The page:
Coronavirus Unemployment Keeps Going Up—Will It Go Back Down?

People who lost their jobs wait in line to file for unemployment following an outbreak of the coronavirus disease (COVID-19), at an Arkansas Workforce Center in Fayetteville, Arkansas, U.S. April 6, 2020. REUTERS/Nick Oxford
April 11, 2020 Topic: Politics Region: Americas Blog Brand: The Buzz Tags: UnemploymentCOVID-19CoronavirusRecessionPandemic

Coronavirus Unemployment Keeps Going Up—Will It Go Back Down?

The numbers are unprecedented.

Today’s initial unemployment benefit claims report showed, for the week ending April 4, 6.6 million Americans filed an initial claim for unemployment insurance (UI) benefits. Combined with revised claims data from the preceding two weeks, a total of 17 million Americans filed initial claims in the past three weeks. Benefits vary by state and worker, and UI pays an average of $372 per week in benefits nationwide. Recent federal emergency legislation adds $600 per week through July 2020 to each UI check.

The sheer scale of this demand for UI benefits is without precedent. The past two weeks have seen applications for UI benefits at levels nearly ten times the previous weekly record of 695,000 set in October 1982. In fact, more people filed an application for UI benefits two weeks ago (almost 6.9 million) than were ever on UI benefits at any point since the program was founded in the 1930s (the prior record of continuing claims, which reflect those that have already been processed and approved, was 6.6 million in 2009). Continuing issues in some states handling the unprecedented surge in applications is probably holding down the true level of initial claims, which will be reflected in future weeks.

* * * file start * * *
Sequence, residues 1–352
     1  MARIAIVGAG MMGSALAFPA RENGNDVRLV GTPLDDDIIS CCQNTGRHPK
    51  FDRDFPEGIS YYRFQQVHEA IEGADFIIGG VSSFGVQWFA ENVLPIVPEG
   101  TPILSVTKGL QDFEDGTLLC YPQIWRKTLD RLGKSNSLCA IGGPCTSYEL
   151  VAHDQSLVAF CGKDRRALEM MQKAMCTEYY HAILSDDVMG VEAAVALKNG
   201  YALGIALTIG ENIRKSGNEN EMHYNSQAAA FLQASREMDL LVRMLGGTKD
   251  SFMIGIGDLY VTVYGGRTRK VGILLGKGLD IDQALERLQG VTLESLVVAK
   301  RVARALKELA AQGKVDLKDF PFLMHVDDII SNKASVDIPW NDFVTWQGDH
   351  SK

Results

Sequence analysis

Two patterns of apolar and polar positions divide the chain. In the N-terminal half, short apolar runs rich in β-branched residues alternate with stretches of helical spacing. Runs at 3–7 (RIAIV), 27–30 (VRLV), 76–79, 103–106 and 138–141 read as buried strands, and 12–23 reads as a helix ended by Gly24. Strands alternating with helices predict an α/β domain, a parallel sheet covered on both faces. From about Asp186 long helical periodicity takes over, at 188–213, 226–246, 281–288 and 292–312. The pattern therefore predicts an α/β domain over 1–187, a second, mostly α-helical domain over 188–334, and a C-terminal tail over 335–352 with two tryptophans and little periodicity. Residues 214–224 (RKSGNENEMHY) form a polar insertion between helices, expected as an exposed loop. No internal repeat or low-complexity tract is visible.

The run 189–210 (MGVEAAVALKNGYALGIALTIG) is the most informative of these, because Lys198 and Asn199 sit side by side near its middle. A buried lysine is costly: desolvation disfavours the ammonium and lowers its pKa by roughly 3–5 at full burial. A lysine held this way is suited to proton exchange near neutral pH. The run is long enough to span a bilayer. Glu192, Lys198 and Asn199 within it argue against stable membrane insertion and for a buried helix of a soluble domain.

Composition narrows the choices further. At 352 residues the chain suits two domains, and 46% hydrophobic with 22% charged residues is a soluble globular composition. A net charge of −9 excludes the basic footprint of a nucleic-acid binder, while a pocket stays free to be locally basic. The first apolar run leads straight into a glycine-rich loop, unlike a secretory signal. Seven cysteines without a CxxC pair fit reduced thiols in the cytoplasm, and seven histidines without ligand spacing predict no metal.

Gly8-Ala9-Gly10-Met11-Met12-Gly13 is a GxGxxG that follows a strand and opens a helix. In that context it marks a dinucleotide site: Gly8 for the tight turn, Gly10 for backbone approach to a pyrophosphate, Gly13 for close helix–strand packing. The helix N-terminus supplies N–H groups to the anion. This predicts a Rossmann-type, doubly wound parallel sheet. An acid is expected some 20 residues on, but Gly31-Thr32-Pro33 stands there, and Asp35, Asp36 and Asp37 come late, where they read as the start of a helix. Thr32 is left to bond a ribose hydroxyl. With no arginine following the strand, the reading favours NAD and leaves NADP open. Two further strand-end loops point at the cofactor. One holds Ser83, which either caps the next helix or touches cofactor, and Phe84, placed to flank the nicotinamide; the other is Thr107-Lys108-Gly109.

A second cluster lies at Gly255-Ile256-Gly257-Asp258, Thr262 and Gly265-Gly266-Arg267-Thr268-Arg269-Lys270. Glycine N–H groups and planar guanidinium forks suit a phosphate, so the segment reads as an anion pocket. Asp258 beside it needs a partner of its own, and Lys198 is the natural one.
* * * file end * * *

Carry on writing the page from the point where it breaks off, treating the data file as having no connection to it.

Continuing claims were almost 7.5 million during the week ending March 28. When the continuing surge in initial claims is processed and added to those already collecting benefits, we should learn that well over 18 million Americans are now on UI — already almost three times the prior record level set during the Great Recession in 2009.

Source: US Department of Labor, Employment and Training Administration, Initial Claims [ICSA] and Continued Claims [CCSA], retrieved from FRED, Federal Reserve Bank of St. Louis;, April 9, 2020.

State agencies are struggling to respond to this historic surge in demand for UI benefits, which is complicated by their additional responsibility to set up new unemployment benefits (the $600 supplements, among other benefits) and a new program called Pandemic Unemployment Assistance, which is designed to serve those not previously eligible for the regular UI program.

Recent weeks have seen numerous state UI agencies process what previously would be the level of claims filed nationwide. For example, in the week ending March 21, Pennsylvania had more initial claims (362,000) than the entire country had in the pre-crisis week ending March 7 (211,000). This week’s report shows that, in the week ending March 28, there were a total of seven states that had more initial claims than the pre-crisis level (211,000) nationwide: California (1,058,325), Florida (228,484), Michigan (304,335), New York (366,595), Ohio (274,288), Pennsylvania (404,677), and Texas (276,185).

This article by Matt Weidinger first appeared in AEIdeas on April 4, 2020.

Image: Reuters.